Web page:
We embrace a Sports For All, Play For Life model that is founded upon physical literacy principles. Physical literacy is the ability, confidence, and desire to be physically active for life.

Embrace a sport model that welcomes all children.

 

The aspirational Sport for All, Play for Life model guiding this report aims to serve all young people in all communities, while aligning the interests of elite and grassroots sport with public health and other sectors. The model was pioneered in Canada and modified by Project Play to reflect U.S. culture, needs, and opportunities. 

 

The goal of our model is for every child in America to be physically literate by age 12. That is, every 12-year-old should have the ability, confidence, and desire to be physically active for life. 

1. Ability
Ability refers to competency in basic movement skills and an overall fitness that allows individuals to engage in a variety of games and activities. This outcome is achieved through a mix of informal play and intentional teaching of movement skills, among them running, balancing, gliding, hopping, skipping, jumping, dodging, falling, swimming, kicking, throwing and a range of skills that require general hand-eye coordination.

2. Confidence
Confidence is knowing that you have the ability to play sports or enjoy other physical activities. It is the result of programs and venues that are inclusive of people with differing abilities, and the support and encouragement from parents, guardians, coaches, administrators, teammates and peers throughout the development process.

3. Desire
Desire is the intrinsic enthusiasm for physical activity, whether in organized or unstructured formats, in traditional or alternative sport. This result is achieved through early positive experiences that are fun and motivate children to do their best.

Each of these components builds upon one another to give children the foundation to be active for life. For a deep dive on physical literacy and the opportunities it presents for the U.S., please see the following report developed by Aspen Institute Project Play working group and released in June 2015: plreport.projectplay.us. Also see here for video from the 2016 Project Play Summit.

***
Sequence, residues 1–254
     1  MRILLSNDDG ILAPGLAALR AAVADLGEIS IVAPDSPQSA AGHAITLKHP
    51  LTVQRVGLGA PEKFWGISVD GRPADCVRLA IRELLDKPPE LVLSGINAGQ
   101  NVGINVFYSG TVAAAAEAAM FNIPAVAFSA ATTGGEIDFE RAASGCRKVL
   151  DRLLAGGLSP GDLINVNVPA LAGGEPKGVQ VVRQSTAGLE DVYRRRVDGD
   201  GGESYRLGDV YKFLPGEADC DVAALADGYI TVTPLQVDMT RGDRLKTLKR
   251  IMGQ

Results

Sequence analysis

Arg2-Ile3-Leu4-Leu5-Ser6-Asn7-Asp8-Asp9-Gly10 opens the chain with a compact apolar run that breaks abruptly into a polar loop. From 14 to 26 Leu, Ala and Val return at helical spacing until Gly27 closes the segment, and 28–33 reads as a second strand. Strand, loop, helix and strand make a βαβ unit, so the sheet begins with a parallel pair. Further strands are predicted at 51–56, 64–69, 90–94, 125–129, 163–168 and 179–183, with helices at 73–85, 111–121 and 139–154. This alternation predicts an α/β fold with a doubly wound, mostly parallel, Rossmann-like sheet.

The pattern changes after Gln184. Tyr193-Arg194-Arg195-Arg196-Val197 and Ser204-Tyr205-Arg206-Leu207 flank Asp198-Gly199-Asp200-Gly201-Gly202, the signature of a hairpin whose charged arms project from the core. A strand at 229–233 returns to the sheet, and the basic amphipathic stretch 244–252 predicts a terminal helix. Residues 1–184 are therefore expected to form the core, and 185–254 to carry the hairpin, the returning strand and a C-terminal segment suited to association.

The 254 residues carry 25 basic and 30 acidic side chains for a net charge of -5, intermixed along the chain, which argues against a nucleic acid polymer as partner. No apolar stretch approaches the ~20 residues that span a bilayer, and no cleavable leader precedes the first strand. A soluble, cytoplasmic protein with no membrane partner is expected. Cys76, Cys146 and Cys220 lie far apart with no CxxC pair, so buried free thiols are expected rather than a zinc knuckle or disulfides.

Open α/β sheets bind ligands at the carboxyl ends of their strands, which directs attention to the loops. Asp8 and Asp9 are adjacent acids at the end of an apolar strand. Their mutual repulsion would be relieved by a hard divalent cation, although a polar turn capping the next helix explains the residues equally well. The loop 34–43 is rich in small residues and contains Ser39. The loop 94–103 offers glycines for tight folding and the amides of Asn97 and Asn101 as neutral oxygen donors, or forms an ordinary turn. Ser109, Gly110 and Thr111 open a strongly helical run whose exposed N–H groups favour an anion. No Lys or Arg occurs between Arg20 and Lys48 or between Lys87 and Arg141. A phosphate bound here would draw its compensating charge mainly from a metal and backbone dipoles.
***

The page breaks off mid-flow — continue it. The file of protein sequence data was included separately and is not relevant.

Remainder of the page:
Sport is just one venue to foster Physical Literacy in All Youth—PLAY—but it’s an important one. 

Fig.5 [Citation]

Sport For All, Play For Life Model

Broad access leads to sustained participation

 

Physical literacy sits at the base of the Sport for All, Play for Life model, providing children with the tools to pursue the most appropriate pathway for them as they enter their teenage years. A few will pursue elite- level sports in adolescence, motivated by dreams of competing at the state, national, college, or professional levels. Many more will follow a local competitive sport track, through school, club, or community sports. The rest may choose less-structured activities and will have developed the skills and desire to enjoy a variety of sports throughout their lives, from cycling and rock climbing to neighborhood or company softball teams to swimming, biking, and yoga.

 

Versions of this model have been proposed by top academics studying youth and athletic development. It responds to the growing body of research that supports a sampling period of sport activities through age 12, even for elite athletes. Indeed, contrary to popular assumption, athletes are more likely to play at the college level and beyond if they wait until later to specialize in one sport. Both health and performance are served if the preteen years are treated as a development zone, with activities that build physical literacy.(9)

 

In 2014, the U.S. Olympic Committee embraced a form of the model, hoping to build the base from which more potential champions could emerge. But the real benefits will flow to society at large. 

Fig.6 [Citation]

Active Kids Do Better In Life

What the research shows on the compounding benefit

 

PROJECT PLAY SUMMIT: First Lady Michelle Obama on importance of sport for all